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Selective Schools (Transitional Arrangements)

Mr. David Chaytor accordingly presented a Bill to establish that a maximum of five per cent of pupils can be selected, by aptitude or ability, for admission to any state secondary school; to specify the period of time in which, and the means by which, those schools currently exceeding this percentage will be required to reduce their selective intake to five per cent.; to specify the criteria for such selection and the means by which schools should conduct assessments; and for connected purposes: And the same was read the First time; and ordered to be read a Second time on Friday 19 July, and to be printed [Bill 121].

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The Middle East

Motion made, and Question proposed, That this House do now adjourn.—[Mr. Stringer.]

Mr. Speaker: Before we begin the main business, to the many hon. Members who have approached the Chair to ask whether they will be called to speak in the debate I can say only that this is one of those days on which they will just have to wait and see.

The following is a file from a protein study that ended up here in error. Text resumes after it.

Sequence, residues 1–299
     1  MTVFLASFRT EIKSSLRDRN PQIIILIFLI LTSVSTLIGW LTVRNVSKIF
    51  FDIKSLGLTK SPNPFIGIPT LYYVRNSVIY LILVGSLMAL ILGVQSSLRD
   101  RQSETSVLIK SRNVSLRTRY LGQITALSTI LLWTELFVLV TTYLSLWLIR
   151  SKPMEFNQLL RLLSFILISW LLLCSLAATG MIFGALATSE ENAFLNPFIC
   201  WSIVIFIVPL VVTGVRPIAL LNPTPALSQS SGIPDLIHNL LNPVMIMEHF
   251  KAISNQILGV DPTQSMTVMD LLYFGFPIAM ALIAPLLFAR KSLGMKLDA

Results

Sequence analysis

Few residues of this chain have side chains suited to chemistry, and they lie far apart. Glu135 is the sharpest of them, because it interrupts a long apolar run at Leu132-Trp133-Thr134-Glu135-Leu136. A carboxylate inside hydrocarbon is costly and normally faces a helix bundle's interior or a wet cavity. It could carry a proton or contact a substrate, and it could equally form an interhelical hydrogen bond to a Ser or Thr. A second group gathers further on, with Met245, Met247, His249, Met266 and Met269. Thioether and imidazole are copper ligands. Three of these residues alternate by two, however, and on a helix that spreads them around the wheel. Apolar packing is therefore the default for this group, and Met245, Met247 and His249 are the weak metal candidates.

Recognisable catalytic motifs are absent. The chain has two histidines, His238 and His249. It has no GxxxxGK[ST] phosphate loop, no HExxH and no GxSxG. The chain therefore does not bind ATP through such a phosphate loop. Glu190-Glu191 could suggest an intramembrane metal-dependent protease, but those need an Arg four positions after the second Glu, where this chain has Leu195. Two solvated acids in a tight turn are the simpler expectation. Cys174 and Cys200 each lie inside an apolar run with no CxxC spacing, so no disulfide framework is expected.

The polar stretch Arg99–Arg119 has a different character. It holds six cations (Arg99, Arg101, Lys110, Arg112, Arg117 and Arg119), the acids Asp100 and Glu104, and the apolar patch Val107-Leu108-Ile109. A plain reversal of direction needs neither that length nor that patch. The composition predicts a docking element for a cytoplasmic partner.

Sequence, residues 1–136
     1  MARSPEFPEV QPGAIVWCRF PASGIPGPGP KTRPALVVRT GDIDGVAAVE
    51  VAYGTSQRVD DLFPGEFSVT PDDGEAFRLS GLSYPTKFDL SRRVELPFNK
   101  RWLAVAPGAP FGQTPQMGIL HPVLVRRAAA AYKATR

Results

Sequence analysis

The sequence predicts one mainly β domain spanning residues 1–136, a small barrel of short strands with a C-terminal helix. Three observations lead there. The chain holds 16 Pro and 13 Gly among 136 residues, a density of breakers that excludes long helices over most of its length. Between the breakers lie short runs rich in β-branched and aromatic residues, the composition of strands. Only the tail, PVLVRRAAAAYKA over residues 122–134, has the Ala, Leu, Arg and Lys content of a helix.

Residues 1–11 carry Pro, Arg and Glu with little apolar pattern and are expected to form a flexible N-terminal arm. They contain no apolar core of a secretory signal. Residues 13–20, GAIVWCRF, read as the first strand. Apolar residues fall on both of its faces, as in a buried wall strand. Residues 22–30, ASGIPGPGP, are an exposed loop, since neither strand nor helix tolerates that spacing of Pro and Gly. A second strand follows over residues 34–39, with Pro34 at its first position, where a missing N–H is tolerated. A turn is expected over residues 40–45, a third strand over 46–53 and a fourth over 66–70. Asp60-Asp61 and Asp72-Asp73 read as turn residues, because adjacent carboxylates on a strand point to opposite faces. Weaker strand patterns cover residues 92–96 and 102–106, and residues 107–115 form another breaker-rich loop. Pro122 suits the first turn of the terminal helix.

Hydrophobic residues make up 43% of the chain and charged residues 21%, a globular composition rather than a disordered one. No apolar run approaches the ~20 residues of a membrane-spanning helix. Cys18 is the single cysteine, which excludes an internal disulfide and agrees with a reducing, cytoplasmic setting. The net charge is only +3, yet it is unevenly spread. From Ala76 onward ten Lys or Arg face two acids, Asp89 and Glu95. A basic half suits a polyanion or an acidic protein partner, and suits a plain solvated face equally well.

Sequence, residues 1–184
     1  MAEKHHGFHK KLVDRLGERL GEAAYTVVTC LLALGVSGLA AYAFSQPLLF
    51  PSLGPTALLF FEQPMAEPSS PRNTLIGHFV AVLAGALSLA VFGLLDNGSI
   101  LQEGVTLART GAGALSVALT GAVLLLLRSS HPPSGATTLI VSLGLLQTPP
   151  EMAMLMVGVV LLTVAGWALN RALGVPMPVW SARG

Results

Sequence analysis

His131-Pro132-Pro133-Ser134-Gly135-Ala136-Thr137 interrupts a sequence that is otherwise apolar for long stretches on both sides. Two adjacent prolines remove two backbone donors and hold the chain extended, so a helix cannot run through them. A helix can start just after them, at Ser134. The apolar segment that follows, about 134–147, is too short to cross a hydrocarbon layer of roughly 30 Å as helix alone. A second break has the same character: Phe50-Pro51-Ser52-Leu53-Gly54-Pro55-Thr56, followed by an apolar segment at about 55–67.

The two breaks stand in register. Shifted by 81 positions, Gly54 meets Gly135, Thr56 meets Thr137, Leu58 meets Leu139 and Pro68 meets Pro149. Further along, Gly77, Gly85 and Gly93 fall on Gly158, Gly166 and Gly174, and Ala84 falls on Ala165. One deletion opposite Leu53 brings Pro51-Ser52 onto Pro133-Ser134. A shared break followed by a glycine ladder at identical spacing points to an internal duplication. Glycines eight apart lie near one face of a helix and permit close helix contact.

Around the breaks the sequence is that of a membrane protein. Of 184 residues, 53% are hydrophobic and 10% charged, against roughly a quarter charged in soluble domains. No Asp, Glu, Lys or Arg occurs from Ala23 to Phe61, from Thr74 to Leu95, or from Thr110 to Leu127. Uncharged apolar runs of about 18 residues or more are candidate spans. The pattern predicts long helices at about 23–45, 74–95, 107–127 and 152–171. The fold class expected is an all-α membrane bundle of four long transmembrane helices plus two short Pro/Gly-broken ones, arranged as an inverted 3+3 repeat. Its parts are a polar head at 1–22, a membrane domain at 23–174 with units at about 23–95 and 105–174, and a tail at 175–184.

4.3 pm

The Secretary of State for Foreign and Commonwealth Affairs (Mr. Jack Straw): This is the first full-day debate on the middle east in Government time for some years, and it comes not a moment too soon. The conflict there is now more fragile and more dangerous than it has been for decades. Understandably, that conflict provokes great passion and partisanship, but through you, Mr. Speaker, I make one plea: that whatever our different perspectives, we use this occasion for a sober and serious examination of the issues, and above all apply ourselves to assisting both sides to move towards a peaceful solution.

The prospect of peace in the middle east hangs by a thread. There are three fundamental truths about the situation. First, neither side has a monopoly of right or of wrong. Secondly, the peoples of the area have to live together. Thirdly, neither side can achieve lasting security through force, but can do so only by having the courage to compromise.